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Filed 4/9/21 CERTIFIED FOR PUBLICATION IN THE COURT OF APPEAL OF THE STATE OF CALIFORNIA SIXTH APPELLATE DISTRICT In re the Marriage of SEAN WANG and JIAOJIAO ZHOU. H046250 (Santa Clara County Super. Ct. No. 2015-6-FL-015520) SEAN WANG, Respondent, v. JIAOJIAO ZHOU, Appellant. In 2016, the Superior Court of Santa Clara County (the trial court) exercised its temporary jurisdiction under the Uniform Child Custody Jurisdiction and Enforcement Act (UCCJEA) (Fam. Code, § 3400 et seq.1), and issued custody orders regarding appellant Jiaojiao Zhou’s (Zhou) and respondent Sean Wang’s (Wang) child, who lived primarily in China. Zhou and Wang incorporated the custody orders into their stipulated dissolution judgment in 2017, reiterating that the trial court made the orders pursuant to its emergency jurisdiction under the UCCJEA. In 2018, a court in China issued a custody order as part of a judgment (the Chinese judgment), awarding sole custody of the child to Zhou, who registered the custody order in the trial court. Wang opposed the registration. The trial court first issued temporary emergency orders vacating service of the registration. Following a hearing, it denied registration of the Chinese judgment. Zhou contends the trial court erred by vacating the 1 Undesignated statutory references are to the Family Code. registration because China had exclusive jurisdiction to make custody orders under the relevant provisions of the UCCJEA. Finding no error in the trial court’s decision to deny registration of the Chinese judgment, we affirm. I. FACTUAL AND PROCEDURAL BACKGROUND Zhou and Wang married in 2010 and separated in 2016; the trial court entered a judgment of dissolution in September 2017. Wang initiated the dissolution proceedings and the trial court acquired jurisdiction over Zhou in February 2016 when she appeared in the proceedings. The parties have one child of the marriage, a daughter, born in 2013 in China.2 Daughter lived primarily in China with Zhou, but made frequent, extended trips to the United States to visit Wang, who worked in California. Daughter had a United States passport, although it was expired at the time it was referenced in the record. Prior to the trial court’s first hearing in the matter, each party filed requests for various orders, including a request by Zhou to “return to domicile,” and a request by Wang for a domestic violence restraining order against Zhou.3 The court held hearings on these requests in March 2016. Wang asked the trial court to take emergency jurisdiction over custody, as it did not appear that California had “regular” jurisdiction; Wang asserted the “emergency” was Zhou’s desire to take Daughter back to China.4 Zhou stated she would file an action in China “right away” if she was allowed to return to To protect the child’s privacy, we will refer to her as “Daughter.” The parties did not designate any of these requests, or any pleadings related to the requests, as part of the record on appeal. Zhou attached portions of the reporter’s transcript from the trial court’s hearings in March 2016 to a memorandum of points and authorities she filed in August 2018, which is part of the record. Additionally, the clerk’s transcript contains a complete copy of the reporter’s transcript from the March 25, 2016 hearing. 4 From the context of the hearing, it is clear the parties were discussing the trial court’s jurisdiction to issue custody orders under the UCCJEA The provisions of the UCCJEA specify when a California court has jurisdiction to issue initial custody orders, and when a California court without such jurisdiction can make emergency orders. (§§ 3421, 3424.) 2 3 2 China. Based on this representation, the trial court stated that any exercise of its emergency jurisdiction would not be “long term.” Wang did not dispute that Daughter lived in China in the six months prior to the case being filed, such that California would only have jurisdiction to make custody orders under section 3424. Wang contended that under subdivision (b) of that statute, such jurisdiction could become a final determination if California became Daughter’s home state. The record on appeal does not include the minute order from the hearing, or the portion of the transcript indicating what findings or orders, if any, the court made during this first hearing. The court held a second hearing the following day. The parties conceded that jurisdiction over custody rested with China, unless the trial court exercised emergency jurisdiction. The court held an off-the-record discussion with the parties about custody and visitation issues. Thereafter the parties agreed that California would assume emergency jurisdiction, despite the fact that China was Daughter’s country of habitual residence. The parties agreed they would “either register the order from [California] or create an identical order in China so that there will be a fully enforceable order in both jurisdictions.” At the end of the hearing, the trial court indicated that it would “include in its orders the language of Family Code section 3048 that California has jurisdiction to make the custody order especially having made the finding that China is the country of habitual residence; United States had emergency jurisdiction and makes these orders within that context recognizing that China will now be the custodial jurisdiction state.” The parties reached additional agreements regarding their visitation with Daughter, which the court memorialized in a written order filed in July 2016. The written order confirmed that the court “assumed emergency child custody jurisdiction,” and ordered that a copy of the written order either be registered in China, or that an order be filed in China reflecting the same terms and conditions as set forth in the California order. Under the terms of the order, Daughter would return to China with Zhou, and then return to California, with 3 Zhou, for several extended periods during the year, at which time Daughter would have regular visitation with Wang. In August 2016, the parties entered into an agreement concerning property and support issues and agreed that the July 2016 custody order would remain in full force and effect. Thereafter the parties signed a stipulation for judgment in September 2017, agreeing that the “emergency child custody jurisdiction order filed . . . on July 21, 2016, shall remain in full force and effect until further order of a court of competent jurisdiction. . . . Based on the July 21, 2016 emergency child custody jurisdiction order, it is further acknowledged that the minor child’s country of habitual residence is the People’s Republic of China (China), and that this court only assumes emergency child custody jurisdiction in this matter.” Neither party appealed that judgment. In June 2018, Zhou filed the Judicial Council form to register the Chinese judgment, issued by the Beijing Xingcheng District People’s Court in China in May 2018. The English translation of the Chinese judgment states that the Chinese court conducted a trial, at which Zhou and her “designated agent,” and Wang and his designated agents appeared to participate in the lawsuit. The Chinese judgment indicates Zhou informed the Chinese court of the dissolution proceedings in California, referencing a “provisional hearing” in the United States regarding custody, wherein the California court issued a “temporary order.” The Chinese judgment also indicates Zhou alleged to the Chinese court that she was “tricked” or “forced” by Wang into the California dissolution. Zhou asked the Chinese court to award her custody of Daughter, with Wang to have visitation in China one weekend per month. According to the Chinese judgment, Wang denied tricking or forcing Zhou into the California dissolution. He alleged the parties entered into a voluntary settlement agreement, which they both followed after the California court entered the judgment of dissolution. While he believed it was in Daughter’s best interest to be raised by him in 4 California, if the Chinese court determined Zhou was to have custody, Wang asked that Daughter be allowed to visit him in California for extended periods. The Chinese court denied Wang’s request to admit and implement the California dissolution judgment, as “the divorce case of both parties was in trial of Chinese court according to the provision Item (4), Clause I, Article 12 of Provision of Supreme People’s Court on Chinese Citizen Applying for Admitting Divorce judgment Procedure of Foreign Court.” The Chinese court determined that Zhou should have “full and sole child custody” of Daughter, with Wang to have visitation on Saturday and Sunday in the third week of every month. The Chinese judgment specifies that either party could appeal the judgment to the Beijing Second Intermediate People’s Court. Wang filed written opposition to Zhou’s registration of the out-of-state custody order with the trial court and asked the trial court to order Zhou to renew Daughter’s United States passport, and to return Daughter to the United States for visitation in Summer 2018. According to Wang, the Chinese judgment was not yet operative, because he had appealed the judgment, resulting in a stay of the order. Wang supported his claim with a “legal opinion” prepared by his attorneys in the Chinese action, as well as a declaration from a Chinese legal expert, all of whom opined that the Chinese judgment was not yet in effect due to Wang’s appeal. Thus, he asked the trial court to vacate the registration of the Chinese judgment and order Zhou to comply with the July 2016 custody order. Wang asked for the following temporary emergency orders pending the hearing on his requests, which the trial court granted: “1) Vacate the service of [Zhou’s] registration of Out of State Custody Order, and enforce Custody Order filed on July 21, 2016[;] [¶] 2) Compel [Zhou] to renew child’s U.S. passport by August 10, 2018 at U.S. Embassy in Beijing, China, using expressed [sic] service for delivery of new U.S. Passport book and card; child shall then return to U.S. with a valid U.S. passport and spend the rest of 5 summer as [Wang’s] vacation with the child till August 31, 2018, pursuant to Custody Order filed on July 21, 2016. [Father] shall keep Passport card.” In response to Wang’s requests, Zhou contended that China had jurisdiction over child custody pursuant to section 3421, as the parties agreed China was Daughter’s home state. While section 3424, subdivision (a) allowed a California court to exercise emergency custody jurisdiction if the child was present in California and such an exercise was necessary to protect the child from mistreatment or abuse, no such emergency existed. Based on this assertion, Zhou obtained custody orders from the Chinese court, and registered the order with the trial court, in compliance with the trial court’s orders. Thus, Zhou asked the trial court to accept the Chinese judgment and deny Wang’s request for orders. The trial court held a hearing in August 2018. Zhou argued that the trial court’s custody orders were based only on the California court’s emergency jurisdiction under the UCCJEA, while China remained Daughter’s home state. The trial court indicated that Zhou had agreed that California would have jurisdiction over all custody and visitation issues. Wang confirmed that he received notice of the Chinese proceedings, and participated in the Chinese proceedings, with representation by counsel. He also confirmed that he was appealing the Chinese judgment, as it was impossible for him to visit Daughter once a month in China while he lived in the United States. Wang contended that Zhou failed to comply with the trial court’s order to register the trial court’s July 2016 order in China, or otherwise obtain an identical order in China, instead filing a brand-new case seeking sole custody of Daughter. Zhou alleged that the Chinese court would not allow Zhou to register the California order; she had to file for divorce. When the trial court questioned the appropriateness of the Chinese visitation order, Zhou argued that California did not have jurisdiction to address custody because China continued to exercise its home state jurisdiction. 6 The trial court determined that Zhou had agreed to seek an identical custody order in China if she was not able to register the July 2016 order there; she failed to do so. The court ruled that it would “deny [Zhou’s] ability to register” the Chinese order in the trial court, “because I think she did violate the judgment from 2017 by getting a new order, whether it was emergency jurisdiction or not. She stipulated part of the order, that the status quo of visitation would be applicable in China moving forward and she stipulated that.” The court granted Wang’s request for an order compelling Zhou to renew Daughter’s passport and to comply with the terms of the July 2016 order. The trial court issued a written order on August 14, 2018, granting “Father’s request to deny mother’s request to register the [Chinese judgment].” Zhou filed a timely notice of appeal from the order, which is appealable as an order made after an appealable judgment. (Code Civ. Proc., § 904.1, subd. (a)(2); Cal. Rules of Court, rule 8.104(a)(1).) II. DISCUSSION We commence by clarifying the issue before us. Zhou contends the trial court erred when it determined in August 2018 that it had subject matter jurisdiction over custody and visitation. However, that is not the determination the trial court made in its August 2018 order. Although Zhou frames her appeal as the review of an order regarding jurisdiction under the UCCJEA, she asks this court to review the order denying her request to register an out-of-state custody order. The trial court did not explicitly rule that it had jurisdiction under the UCCJEA. Nor did Wang argue that the trial court had superior jurisdiction over the Chinese court regarding child custody. Wang contested registration of the Chinese judgment on the grounds the judgment had been stayed by the Chinese court upon Wang’s appeal of the judgment. Thus, we consider whether the trial court properly denied registration of the Chinese order. A. Standard of Review The UCCJEA includes provisions regarding the recognition and registration of out-of-state orders. (§§ 3443, 3445) “When reviewing a jurisdictional order under the 7 UCCJEA, a court of review is not bound by the trial court’s findings and may independently reweigh the jurisdictional facts. [Citations.]” (In re Marriage of Fernandez-Abin & Sanchez (2011) 191 Cal.App.4th 1015, 1042 (Fernandez-Abin).) However, with respect to purely factual findings, we defer to the trial court’s assessment of credibility, whether that assessment was based on in-person testimony or written declarations. (In re Marriage of Nurie (2009) 176 Cal.App.4th 478, 492.) Where the case is tried based on affidavits, “ ‘ “the rule on appeal is that those affidavits favoring the contentions of the prevailing party establish not only the facts stated therein but also all facts which reasonably may be inferred therefrom.” [Citations.]’ [Citation.]” (Ibid.) B. The Trial Court’s Authority Under the UCCJEA A brief review of the legal authority underlying the trial court’s jurisdiction to make custody orders, and its authority regarding the registration of out-of-state custody orders, is helpful to understand the issues. The UCCJEA sets forth several bases on which a California court has jurisdiction to make an initial custody order. (§ 3421.) Most relevant here, the court can make custody orders if it was the home state of the child on the date the custody proceeding commenced. (§ 3421, subd. (a).) “ ‘Home state’ means the state in which a child lived with a parent or a person acting as a parent for at least six consecutive months immediately before the commencement of a child custody proceeding. . . . A period of temporary absence of any of the mentioned persons is part of the period.” (§ 3402, subd. (g).) When the custody proceedings commenced in 2016, the parties conceded the facts on which the trial court determined that California did not have jurisdiction to make initial custody orders; Daughter had resided in China for at least six months prior to commencement of the proceedings. The trial court issued custody orders in March 2016 based on its temporary emergency jurisdiction under section 3424, which affords a California court custody jurisdiction “if the child is present in this state and the child has been abandoned or it is necessary in an emergency to protect the child because the child, or a sibling or parent of 8 the child, is subjected to, or threatened with, mistreatment or abuse.” (§ 3424, subd. (a).) “If there is no previous child custody determination that is entitled to be enforced under this part and a child custody proceeding has not been commenced in a court of a state having jurisdiction under Sections 3421 to 3423, inclusive, a child custody determination made under this section remains in effect until an order is obtained from a court of a state having jurisdiction under Sections 3421 to 3423, inclusive. If a child custody proceeding has not been or is not commenced in a court of a state having jurisdiction under Sections 3421 to 3423, inclusive, a child custody determination made under this section becomes a final determination, if it so provides and this state becomes the home state of the child.” (§ 3424, subd. (b).) None of the orders issued by the trial court in this matter provide that they would become a final determination if a custody proceeding was not commenced in China and California became Daughter’s home state.5 Section 3443 requires California courts to recognize and enforce custody determinations issued by other states, “if the latter court exercised jurisdiction in substantial conformity with [the UCCJEA] or the determination was made under factual circumstances meeting the jurisdictional standards of [the UCCJEA] and the 5 Based on the facts presented by the parties, in March 2016 the trial court determined its jurisdiction to issue custody orders rested only in section 3424. Neither party appealed this determination, which is incorporated into the September 2017 judgment. On appeal, Wang now contends Daughter’s absence from the United States in the six months prior to the commencement of the proceedings was a “temporary absence” under section 3402, subdivision (g). Any contention that California was Daughter’s home state at the commencement of the proceedings, such that the trial court had jurisdiction to make initial custody orders under section 3421, rather than emergency orders under section 3424, could have and should have been raised in an appeal from the September 2017 judgment. When the trial court issues an appealable order in an action, and no appeal is taken, the order becomes binding in the same case as to the issues addressed in the order. (In re Matthew C. (1993) 6 Cal.4th 386, 393, superseded by statute on other grounds as stated in People v. Mena (2012) 54 Cal.4th 146, 156; In re Marriage of Gruen (2011) 191 Cal.App.4th 627, 638; Lennane v. Franchise Tax Bd. (1996) 51 Cal.App.4th 1180, 1185-1186.) Because they were not raised in a timely appeal, we will not consider Wang’s contentions now. 9 determination has not been modified in accordance with [the UCCJEA]. (§ 3443, subd. (a).) The provisions of section 3441 et seq. also apply to custody orders issued by foreign countries “under factual circumstances in substantial conformity with the jurisdictional standards of [the UCCJEA].” (§ 3405, subd. (b).) However, a California court does not have to apply the UCCJEA “if the child custody law of a foreign country violates fundamental principles of human rights.” (§ 3405, subd. (c).) C. The Trial Court Properly Denied Registration of the Chinese Order Section 3445 sets forth the procedure for registering an out-of-state custody order. There is no dispute Zhou complied with subdivision (a) of section 3445; she submitted the proper Judicial Council form entitled “registration of out of state custody order,” asking the trial court to register the Chinese judgment, along with copies of the judgment and the names of both parents. Subdivision (b) of section 3445 then required the trial court to file the Chinese judgment and serve notice on Wang, providing him the opportunity to contest the registration. If a parent contests registration, the trial court must hold a hearing, at which it “shall confirm the registered order unless the person contesting registration establishes any of the following: [¶] (1) That the issuing court did not have jurisdiction under Chapter 2 (commencing with Section 3421). [¶] (2) That the child custody determination sought to be registered has been vacated, stayed, or modified by a court having jurisdiction to do so under Chapter 2 (commencing with Section 3421). [¶] (3) That the person contesting registration was entitled to notice, but notice was not given in accordance with the standards of Section 3408, in the proceedings before the court that issued the order for which registration is sought.”6 6 Wang did not contend to the trial court that the Chinese court lacked jurisdiction to issue custody orders under section 3421. Nor did he allege that he did not receive notice of the Chinese proceedings; at the hearing in August 2018, Wang confirmed to the trial court that he knew about and participated in the Chinese action. In opposing Zhou’s appeal, Wang now alleges the Chinese judgment was not in substantial conformity with the UCCJEA, an argument he did not make to the trial court. As that issue would require consideration of controverted facts not addressed to the trial court, we will not consider 10 It is well established that if the trial court’s order is correct on any legal theory, we will affirm it, even if the trial court’s reasoning was wrong. (Davey v. Southern Pacific Co. (1897) 116 Cal. 325, 329-330; Young v. California Fish & Game Comm’n (2018) 24 Cal.App.5th 1178, 1192-1193.) Here, Zhou argues that the trial court erred because it determined it had subject matter jurisdiction over custody and visitation of Daughter. The trial court stated it denied Zhou’s request to register the Chinese judgment on the theory that Zhou had violated the September 2017 judgment in which she had stipulated to obtaining identical custody orders in Chinese. However, we conclude the trial court properly denied Zhou’s request to register the Chinese order because Wang established that the Chinese judgment was stayed pending his appeal. (§ 3445, subd. (b)(2).) First, there is evidence in the record supporting a finding that the Chinese order was stayed. Wang submitted the written analysis of the attorneys representing him in the Chinese proceedings, and a declaration from an attorney in China, indicating that Wang’s appeal resulted in a stay of the Chinese judgment. Zhou did not dispute that the order was stayed pending Wang’s appeal. In the memorandum of points and authorities she filed in opposition to Wang’s requests, she indicated that Wang had not provided a finding or order indicating that he had appealed the Chinese judgment. However, Zhou indicated in correspondence to Wang that she was not following the Chinese judgment because of the pending appeal. Moreover, the attorney declaration Wang filed in support of his motion indicates the attorney reviewed and verified the filing receipt for Wang’s appeal. Zhou did not object to the trial court considering any of the evidence submitted by Wang. There also is evidence supporting a finding that the Chinese court had jurisdiction to stay the Chinese judgment under section 3421 et seq. Daughter had lived with Zhou in China for at least six consecutive months prior to the commencement of the proceedings the argument on appeal. (See 14859 Moorpark Homeowner’s Ass’n v. VRT Corp. (1998) 63 Cal.App.4th 1396, 1403, fn. 1.) 11 in 2016, such that China was her home state under sections 3402, subdivision (g), and 3421, subdivision (a)(1). While California issued custody orders under its temporary emergency jurisdiction pursuant to section 3424, subdivision (a), under those provisions of the UCCJEA codified in California’s family law statutes, China retained continuing, exclusive jurisdiction to issue and modify custody orders. Under the UCCJEA, a state that has jurisdiction to make initial custody orders under section 3421 retains exclusive jurisdiction until either: “(1) A court of [the] state determines that neither the child, nor the child and one parent, nor the child and a person acting as a parent have a significant connection with [the] state and that substantial evidence is no longer available in [the] state concerning the child’s care, protection, training, and personal relationships[; or] [¶] (2) A court of [the] state or a court of another state determines that the child, the child’s parents, and any person acting as a parent do not presently reside in [the] state.” (§ 3422, subd. (a).) The record shows that Daughter and Zhou remained in China at the time the Chinese court issued its judgment, rendering these provisions inapplicable. Unless China declined to exercise its jurisdiction (see § 3421, subd. (a)(3)), China had jurisdiction over custody under the UCCJEA, and thus had authority to stay its custody orders pending Wang’s appeal. Because Wang established that the Chinese court, as a court with jurisdiction under section 3421, et seq., stayed the Chinese judgment, the trial court properly denied registration of that judgment. (§ 3445, subd. (b)(2).) Pursuant to section 3424, subdivision (b), the custody orders issued by the trial court thus remained in effect until a valid order was obtained from the home state, which the evidence here shows was China. (See In re Gino C. (2014) 224 Cal.App.4th 959, 966; Fernandez-Abin, supra, 191 Cal.App.4th at p. 1041.) The August 2018 order, in addition to denying registration of the Chinese judgment, served to enforce the trial court’s prior orders until the litigation in China was resolved and the case was no longer stayed on appeal. In the absence of a 12 valid order from the Chinese court (i.e., an order that had not been stayed), such enforcement was appropriate. III. DISPOSITION The August 14, 2018 order is affirmed. 13 _______________________________ Greenwood, P.J. WE CONCUR: _________________________________ Grover, J. _________________________________ Danner, J. Wang v. Zhou No. H046250 Trial Court: Santa Clara County Superior Court Superior Court No.: 2015 6 FL 015520 Trial Judge: The Honorable Stuart J. Scott Attorney for Appellant, JiaoJiao Jhou: Stuart Fishman The Law Offices of Stuart Fishman, LLP Sean Wang: Sean Wang, in pro. per. Wang v. Zhou H046250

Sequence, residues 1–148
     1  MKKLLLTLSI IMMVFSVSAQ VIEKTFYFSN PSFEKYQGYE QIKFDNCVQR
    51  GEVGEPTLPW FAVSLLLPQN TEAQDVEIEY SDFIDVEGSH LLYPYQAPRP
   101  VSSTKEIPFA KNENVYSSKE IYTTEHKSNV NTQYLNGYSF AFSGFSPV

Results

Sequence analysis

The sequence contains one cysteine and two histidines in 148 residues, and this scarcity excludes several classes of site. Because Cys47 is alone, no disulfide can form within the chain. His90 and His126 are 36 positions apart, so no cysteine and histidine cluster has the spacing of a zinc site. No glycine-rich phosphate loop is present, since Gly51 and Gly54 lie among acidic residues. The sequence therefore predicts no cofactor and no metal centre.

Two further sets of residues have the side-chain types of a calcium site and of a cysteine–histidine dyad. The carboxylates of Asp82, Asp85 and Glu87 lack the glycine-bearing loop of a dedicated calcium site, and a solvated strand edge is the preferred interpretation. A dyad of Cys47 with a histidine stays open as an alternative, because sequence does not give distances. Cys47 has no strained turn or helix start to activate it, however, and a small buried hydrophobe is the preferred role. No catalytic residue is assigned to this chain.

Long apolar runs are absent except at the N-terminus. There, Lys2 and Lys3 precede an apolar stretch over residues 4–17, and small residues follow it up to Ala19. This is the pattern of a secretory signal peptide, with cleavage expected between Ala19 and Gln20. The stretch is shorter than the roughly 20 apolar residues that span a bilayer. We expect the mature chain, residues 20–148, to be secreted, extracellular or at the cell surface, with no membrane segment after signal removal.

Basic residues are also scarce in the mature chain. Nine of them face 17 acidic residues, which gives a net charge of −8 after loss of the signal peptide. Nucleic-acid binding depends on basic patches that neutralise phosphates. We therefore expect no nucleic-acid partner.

Primary Holding
Trial court properly denied registration of a Chinese court's custody judgment because that judgment had been stayed, pending appeal.